In January 2010, Rich Gossage made some pretty sharp statements in support of the idea that PED users should not be in the Hall of Fame. I interviewed Gossage right after that and asked him what he thinks should be done if it was found that an existing member of the Hall was later found to have used PEDs during his playing career. This is what he told me:
“I don’t really know what I’d do. We’d have to find out all the facts. It’s a big dark cloud. I don’t know what the scenario would look like.”
In the past 35 months he has figured it out. Here are his comments about that subject now:
“They cheated. They (expletive) cheated. I believe that, hey, there’s gotta be a paddle for these guys’ asses. This is the last step of punishment there for them. If a guy gets into the Hall of Fame and we find out later he was cheating, kick him out!”
Alrighty then. And dudes, you should all be lucky that Gossage didn’t catch you juicing when he played:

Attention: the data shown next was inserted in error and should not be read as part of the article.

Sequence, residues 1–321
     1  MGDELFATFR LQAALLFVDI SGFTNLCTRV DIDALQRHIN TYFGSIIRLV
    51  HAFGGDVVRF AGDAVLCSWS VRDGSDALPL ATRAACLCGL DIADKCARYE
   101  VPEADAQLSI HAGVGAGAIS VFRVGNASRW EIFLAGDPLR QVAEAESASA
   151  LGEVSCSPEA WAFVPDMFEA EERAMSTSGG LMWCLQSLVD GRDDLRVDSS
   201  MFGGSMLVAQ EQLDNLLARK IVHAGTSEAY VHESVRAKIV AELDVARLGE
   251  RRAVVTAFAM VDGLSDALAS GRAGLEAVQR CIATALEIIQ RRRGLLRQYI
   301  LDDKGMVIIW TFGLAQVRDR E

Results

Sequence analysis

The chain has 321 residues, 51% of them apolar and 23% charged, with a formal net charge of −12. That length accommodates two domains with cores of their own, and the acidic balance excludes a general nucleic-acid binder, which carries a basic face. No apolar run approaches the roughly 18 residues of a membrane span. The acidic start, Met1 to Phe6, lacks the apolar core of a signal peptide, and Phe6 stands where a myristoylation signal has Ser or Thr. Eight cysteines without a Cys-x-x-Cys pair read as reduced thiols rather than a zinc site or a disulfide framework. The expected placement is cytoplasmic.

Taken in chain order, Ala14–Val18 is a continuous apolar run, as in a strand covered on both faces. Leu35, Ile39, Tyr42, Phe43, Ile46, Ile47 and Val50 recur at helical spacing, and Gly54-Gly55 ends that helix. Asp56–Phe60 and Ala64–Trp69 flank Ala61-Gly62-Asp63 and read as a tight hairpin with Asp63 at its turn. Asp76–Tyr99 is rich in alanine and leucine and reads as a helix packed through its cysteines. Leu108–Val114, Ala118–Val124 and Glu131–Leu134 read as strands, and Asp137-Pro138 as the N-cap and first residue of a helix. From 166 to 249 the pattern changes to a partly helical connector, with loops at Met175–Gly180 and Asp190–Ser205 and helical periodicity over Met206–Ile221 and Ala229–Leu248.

“I saw guys go from Barney Fife to Lou Ferrigno from one season to the next. It made me sick. It made me sick. It made me sick for Roger Maris, sick for all the guys who set the records that fell. Just sick.”
Not sick enough to say anything then, of course. But maybe it took him three years to get mad about that too.
The ALCS had a weird play in Game 4 on Tuesday night, but Game 4 of the NLCS did as well. This one involved Cubs outfielder Albert Almora, Jr. and his attempt to spark a rally in the bottom of the ninth inning against Dodgers reliever Ross Stripling.
After Alex Avila singled, Almora ripped a double to left field, past a diving Enrique Hernandez. The ball rolled to the ivy in front of the wall. Most outfielders there would’ve put their hands up, which would have alerted the umpires to call an immediate ground-rule double. Hernandez didn’t, instead fishing the ball out and firing it back into the infield. Avila had stopped at third base, but Almora kept running. Much to his surprise, he pulled up into third base to see his teammate standing there, resigned to his fate as a dead duck. Third baseman Justin Turner applied the tag on Almora for what he thought was the first out of the inning.
Almora, however, was then sent back to second base after the umpires correctly called a ground-rule double.
Unfortunately for the Cubs, the lucky break didn’t help as closer Kenley Jansen came in and took care of business, retiring all three batters he faced without letting an inherited runner score. The Dodgers won 6-1 and now lead the NLCS three games to none. They’ll try to punch their ticket to the World Series on Wednesday.